Dateline: Killeen public golf course, Sunday, July 2, about 11:45 a.m. 14th tee.
We had been following a foursome of men around the course. The morning was hot, but a good steady breeze of about 20 mph kept conditions somewhere between unbearable and comfortable.
I was playing about average for me—some good shots among the bad ones. But the last two holes had gone well and I had visions of finishing strong. (That’s not germane to my story, but I wanted you to know. I don’t always hit trees and rocks.)
We finished the 13th hole and noticed that the group ahead had not yet left the next tee area. In fact, several of the golfers were standing beside the road that ran adjacent to the 14th fairway. They seemed to be looking at a shiny new Hummer H2 that had stopped there. On closer inspection we saw that the golfers were talking with two young men who had been in the vehicle.
When we pulled up at the tee area, one of the four golfers told us his buddy had hit a tee shot out over the road where it knocked a side window out of the Hummer! We assumed that apologies were being made, along with an exchange of information so the golfer could pay for the damage.
Carol has some experience in this area. A number of years ago one of HER (not MY—that’s important!) errant shots hit an oncoming car’s windshield and ruined it. Of course, the car was brand new and still had temporary tags on. We immediately admitted responsibility and arranged to pay for the windshield, only to learn (from an insurance agent we happened to be playing along with) that our homeowner’s insurance would cover the damage! Who knew?
OK, back to the Hummer. It seems that one of the young men was driving Dad’s new car, and was talking to Dad on the cell phone about the accident. Normal, right? But meanwhile the golfers were disclaiming any responsibility!
Their attitude was, they didn’t do it on purpose (well, DUH! None of them was good enough to hit a moving car if they’d aimed at it!), and the kids were taking a “known risk” by driving along a golf course.
Well, the golfer gave the “kid” (Hummer driver) his name and phone number, and we figured that was the end of it.
About 15 minutes later we still paralleling the road, and saw the Hummer drive slowly past us, with the occupants staring out over the golf course. They found the men ahead of us on the next hole and pulled over.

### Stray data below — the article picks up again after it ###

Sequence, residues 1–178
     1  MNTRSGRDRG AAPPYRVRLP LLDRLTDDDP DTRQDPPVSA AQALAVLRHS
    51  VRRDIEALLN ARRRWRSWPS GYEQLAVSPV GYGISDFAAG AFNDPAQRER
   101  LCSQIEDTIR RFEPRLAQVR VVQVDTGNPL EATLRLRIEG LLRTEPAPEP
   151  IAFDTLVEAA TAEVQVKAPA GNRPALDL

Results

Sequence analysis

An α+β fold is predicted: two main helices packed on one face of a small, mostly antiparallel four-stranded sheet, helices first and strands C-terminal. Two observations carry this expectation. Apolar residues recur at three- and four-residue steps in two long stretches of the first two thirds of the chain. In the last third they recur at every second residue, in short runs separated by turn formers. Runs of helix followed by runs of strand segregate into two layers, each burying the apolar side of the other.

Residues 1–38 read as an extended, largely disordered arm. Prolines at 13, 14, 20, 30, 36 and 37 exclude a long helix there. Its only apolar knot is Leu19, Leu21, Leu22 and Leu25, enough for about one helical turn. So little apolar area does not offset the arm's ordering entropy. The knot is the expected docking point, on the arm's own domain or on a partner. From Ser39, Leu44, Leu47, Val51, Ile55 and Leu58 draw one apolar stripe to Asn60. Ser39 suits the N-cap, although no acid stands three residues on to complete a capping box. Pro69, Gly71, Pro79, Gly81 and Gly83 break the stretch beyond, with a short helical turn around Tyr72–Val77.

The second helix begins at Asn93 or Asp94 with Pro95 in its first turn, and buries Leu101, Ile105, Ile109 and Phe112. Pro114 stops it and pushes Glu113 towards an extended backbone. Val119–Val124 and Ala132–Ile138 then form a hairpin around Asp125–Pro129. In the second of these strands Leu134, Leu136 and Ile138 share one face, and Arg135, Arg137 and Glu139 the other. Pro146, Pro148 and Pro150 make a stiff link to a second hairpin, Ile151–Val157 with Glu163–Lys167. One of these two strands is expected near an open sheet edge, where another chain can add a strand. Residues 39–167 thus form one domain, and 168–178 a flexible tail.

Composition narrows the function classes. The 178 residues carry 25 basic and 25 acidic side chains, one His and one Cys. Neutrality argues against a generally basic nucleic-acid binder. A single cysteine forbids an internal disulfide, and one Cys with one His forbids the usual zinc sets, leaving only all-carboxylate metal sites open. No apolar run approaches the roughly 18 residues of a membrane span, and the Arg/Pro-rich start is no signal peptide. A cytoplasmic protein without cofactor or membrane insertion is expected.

As Carol and I approached the area we could hear shouting. The two “kids” from the Hummer were yelling at the golfers, all of whom were now waving their arms as in disgust and yelling back. A short time later the golfers passed us going to the last hole. One stopped and told us in complete disgust that, “Them kids still think we ought to pay for the window. There’s no way in hell I’m going to pay them anything! It ain’t MY responsibility!” He rode off in his cart fuming.
I mentioned to Carol that if I’d been the kid, I would have called the police to file a report and let them and later the insurance companies sort out who had to pay for what. No good could come out of an argument and a shouting match.
By the time we had played the last hole and returned to the pro shop and clubhouse, there were two Killeen police cars in the parking lot with a small crowd of people around them.
It turns out (we learned a bit later) that Dad had shown up to confront the golfers who had damaged his new luxury SUV. In the ensuing discussion he had produced his hand gun! The police quickly determined that he had a legal permit to carry the gun, but ordered him to take it off the golf course property as it was a location where alcohol (beer) was served.
This municipal course had very recently moved its pro shop operations to a brand new building, and had failed to post their sign announcing that firearms were prohibited. Had the sign been posted, the police said they would have arrested the man, confiscated his gun and voided his permit to carry!
The man took his gun and left, and within 15 minutes the required sign was prominent in the pro-shop window.
To me, all that SHOULD have happened was an apology by the golfer, a promise to pay along with an exchange of identity and contact information, and an insurance claim. End of conflict.
That’s what I would have done.
But nobody, not even those in the clubhouse restaurant talking about the incident for the next hour or so, thought the golfer had any responsibility at all.
I don’t know what the law would say, but I’d feel a moral responsibility for the broken window (not to mention some acute embarrassment) if not a legal one. Am I nuts? Naïve?
Whatever happened to personal responsibility?